Improve your party experience (and life)


You’re at a party you’ve been looking forward to for months. Unfortunately, the DJ set seems to be a mix of Whitney Houston classics and White Snake hits (yes, they had more than one), your wardrobe is seriously malfunctioning and that hottie you were expecting to see didn’t turn up. The hygienically-challenged best mate on the other hand has, and you’ve been treated to an invigorating account of the best parking places in town (I’ve honestly had that conversation. He didn’t get my number).

Have you ever experienced a greatly anticipated event like that? I know I have.

Imaginative brain

The thing is, I’m rather rubbish at keeping my expectations under control. I have an over-imaginative brain and on the top floor of my being, a lot of wildly thought up adventures take place before they actually have. And often they never will at all.

Ever since I was old enough to actually think about my birthday, I would visualise the event weeks in advance: The presents, the cake, would mum have gotten me that pink frilly dress I casually pointed out? (No. Sadly my parents didn’t believe in highly flammable garments. Still don’t). And not just my birthday: outings, field trips, first day of school, anything out of the ordinary would be subjected to my fantasy.


It didn’t stop when I got older. I’m a planner: holidays, trips, jogging-routes, and yes I always go to the supermarket with a list. And planning a party used to take weeks: crafting invitations, creating the perfect playlist, doing shopping, cleaning the cat-flap with a toothbrush (what, you don’t?).

And with the planning the pre-gloating would start: picturing a lively dance floor, people complimenting me on my choice of tunes and snacks, guests enjoying themselves in the garden.. But when the evening finally came it didn’t go as expected: not everyone would turn up, people would prefer talking to dancing (Was it the music? Bell Biv Devoe anyone?), and it would rain. It’d still be a good party but just not the one I had in my head. And I’d spend the evening stressed (and drunk) because things weren’t going the way I had pictured.

Just don’t expect

Obviously, pre-picturing events was not doing much good. It was like staging a play, rehearsing it in my head, and trying to direct people who didn’t know they were in it. Something needed to change. A friend of mine is never stressed at her own party and she has never been to a bad one thrown by someone else. Clearly she was the person to talk to:

Me: “So you’ve never been to a party that you thought would be brilliant but turned out to be worse than Kevin Federline’s album release party? Or more accurate: a party where Kevin Federline was headlining?” **

Her: “Nope. Who’s Kevin Federline?”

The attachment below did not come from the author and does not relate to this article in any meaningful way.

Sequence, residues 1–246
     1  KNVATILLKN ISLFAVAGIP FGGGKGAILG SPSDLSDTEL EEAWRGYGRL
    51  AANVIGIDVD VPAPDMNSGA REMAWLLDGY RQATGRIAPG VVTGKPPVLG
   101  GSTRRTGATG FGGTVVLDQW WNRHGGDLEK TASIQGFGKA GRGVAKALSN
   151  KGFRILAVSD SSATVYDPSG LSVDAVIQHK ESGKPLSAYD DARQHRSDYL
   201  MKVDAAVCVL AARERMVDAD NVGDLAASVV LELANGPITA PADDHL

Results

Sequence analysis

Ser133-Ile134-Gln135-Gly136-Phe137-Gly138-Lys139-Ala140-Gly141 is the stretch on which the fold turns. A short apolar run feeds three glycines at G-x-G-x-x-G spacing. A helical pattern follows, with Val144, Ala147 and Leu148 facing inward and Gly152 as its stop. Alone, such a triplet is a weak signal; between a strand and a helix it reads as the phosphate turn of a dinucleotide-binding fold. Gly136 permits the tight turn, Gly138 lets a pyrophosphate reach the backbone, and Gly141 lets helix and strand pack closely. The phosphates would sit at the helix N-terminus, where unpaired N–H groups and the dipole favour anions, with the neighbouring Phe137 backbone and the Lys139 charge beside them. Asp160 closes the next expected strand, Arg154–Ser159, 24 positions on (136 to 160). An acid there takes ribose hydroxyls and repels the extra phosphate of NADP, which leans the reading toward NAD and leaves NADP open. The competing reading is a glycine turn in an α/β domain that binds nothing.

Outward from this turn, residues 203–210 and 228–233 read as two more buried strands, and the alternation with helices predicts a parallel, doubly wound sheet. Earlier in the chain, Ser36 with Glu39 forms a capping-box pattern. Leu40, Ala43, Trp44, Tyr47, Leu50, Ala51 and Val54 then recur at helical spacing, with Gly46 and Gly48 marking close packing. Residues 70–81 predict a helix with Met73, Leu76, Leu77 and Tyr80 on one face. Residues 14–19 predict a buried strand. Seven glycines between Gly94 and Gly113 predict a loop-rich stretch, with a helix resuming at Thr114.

Me: “You’re not the only one wondering. But wait, you’ve never expected an event to be the best thing ever but looking back on it, checking in your coat was the highlight of the evening? What’s your secret?”

And she said: “I just don’t expect.”

Taking down the pre-gloater

This threw me. Was that possible? Not to expect anything? Of course she would look forward to something, but not imagine already being there before actually being there. She would not anticipate who would attend, not picture events taking place, not plan meeting her future husband. Because guess what: you don’t have control over that.

I knew she was right of course. The only thing you have control over is your own behaviour (more or less) (and getting less with every downed glass of wine). The more you plan, the less you will enjoy reality. You might enjoy the moment, but not for the right reason. You might enjoy it because it’s going as planned but not notice its meaning or impact. And if you’ve already had that moment in your head, how special can it be the second time around? Thinking about it will just take away the shine and intensity.

But how the bloody hell would I take down the pre-gloater in me? I like the anticipation! I like the imagining! But all that thinking ahead was causing (at least) 2 things:

1. I was creating a future in my head that would not happen. Not in the way I thought anyway.
2. And this is very important: I wasn’t living my actual life. I was living a fictional one in my head and missing out on the real thing.

Enjoying the present

So one of the ways I try to stop pre-gloating (god it took long enough to get here didn’t it?) is that whenever I get an invitation to a party, I still get excited, but: I try to talk little about it, not find out anything and not picture myself there looking my damn finest. I just get on with the present: appreciate the things that are taking place right now. I smell a piece of chocolate before I take a bite, I get up from behind my computer to stand in a patch of sun in my garden for a few minutes, and I actually remind myself that I’m having a cup of tea when I’m having a cup of tea, or am brushing my teeth or am simply walking somewhere, just to get me in the present (sounds suspiciously like mindfulness doesn’t it?).

And I keep busy! If I start thinking too much I walk, run, do the dishes, hoover the house, or dance. Anything to grind that big grey walnut upstairs to a halt. And I get two for the price of one: my present is better because I’m actually there, and my future is better because I’m not trying to pre-live it.

I still plan, naturally, but less(ish).

Be bold and live life without rehearsals.

Note: For us expectors (is that a word?) I have good (but confusing) news: there’s a way to use expectations to actually give your life a positive turn. I’ll write about that in my next post.


** Bad mouthing or ridiculing other people is very bad for your karma. Don’t do it people.


What are your thoughts?

The Spark Plug Chronicles